“Research Alpha” is truly classic science fiction. Tight and crisp writing paired with great action carries this story through complex and thought provoking ideas. The complications and ending weren’t unexpected; the premise of this story rests upon foundations of science fiction, and as such, there are bound to be recognizable elements. Still, “Research Alpha” is a great story and well worth a read.
The final section of short fiction is Introducing: Stories by new authors.
In “Storm Warning” by Robert Cruze, Lee and Maddy Kurchowsky are metallurgists that ply their trade near the sun. They are working to create “battle steel,” a metal capable of handling the massive strains of star travel, and thus prized for building ships.
They escape from a massive solar storm that destroys their smelter and their livelihoods. Through their efforts, and the efforts of some unseen solar weather forecaster, many of their fellow smelters survive as well. But when they reach the orbital platform, they encounter another obstacle, the companies that represent their corporate competitors.
Cruze shows signs of being a good writer. His dialogue is clean and his characterization is good. However, the plot is contrived and fraught with coincidence. “Storm Warning” provides glimpses of what Robert Cruze may achieve after he has further refined his craft.
John Kratman’s “Old Folks’ Home” is set in an orbiting retirement home. Seniors of advanced age retire to the minimal gravity and ease of physical strain that Happy Orbit station offers them. Sadly, while they have greatly extended lives, they are bored to tears.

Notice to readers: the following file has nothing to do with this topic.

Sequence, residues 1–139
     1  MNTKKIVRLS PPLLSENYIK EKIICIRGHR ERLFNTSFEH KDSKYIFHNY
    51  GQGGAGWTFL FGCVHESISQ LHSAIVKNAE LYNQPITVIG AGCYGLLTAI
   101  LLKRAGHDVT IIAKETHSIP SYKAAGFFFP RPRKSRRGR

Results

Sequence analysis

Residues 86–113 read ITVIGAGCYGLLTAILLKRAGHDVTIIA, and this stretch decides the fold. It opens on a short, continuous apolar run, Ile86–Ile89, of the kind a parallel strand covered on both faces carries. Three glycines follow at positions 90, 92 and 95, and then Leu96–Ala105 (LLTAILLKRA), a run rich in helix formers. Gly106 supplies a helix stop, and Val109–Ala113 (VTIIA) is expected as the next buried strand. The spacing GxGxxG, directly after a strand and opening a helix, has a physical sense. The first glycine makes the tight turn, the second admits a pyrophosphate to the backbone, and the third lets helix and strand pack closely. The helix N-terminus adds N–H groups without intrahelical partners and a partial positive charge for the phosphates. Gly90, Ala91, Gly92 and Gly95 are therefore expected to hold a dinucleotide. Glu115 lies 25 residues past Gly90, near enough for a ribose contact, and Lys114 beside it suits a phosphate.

When the director takes a vacation planet side, his father, Bobby, the previous director, has to contend with thieves who try to steal Happy Orbit’s shield. He apprehends the thieves just as a solar storm hits the stations in orbit. Of course, Bobby also has to contend with a heart attack and that the thieves are a station full of orphans.
“Old Folks’ Home” is a fairly standard kind of story about peril in orbit. It incorporates many of the same clichés of the trope and is overly reliant on sentiment to make its impact. The action scenes are interesting and seem well thought out, but the story’s flaws leave it flat.
The final story of the issue is Jeff Stehman’s “The Goblin Hunter.” Adham is a professional goblin hunter who finds himself in a bind. Goblin hunters must use a goblin’s overwhelming curiosity against him, something Adham is particularly good at. So he figured he could handle taking a man and cargo through the Goblin Hills. But he failed to account for the stupidity of the man he must escort, a failure he contemplates while lying tied spread-eagle on the ground.
“The Goblin Hunter” is a clever little story with an entertaining premise. Stehman’s goblins are mischievous sprites, rather than the orc-like thugs of many fantasy tales, and they have a certain charm. Adham is also possessed of a gentle quality that makes him appealing. Recommended.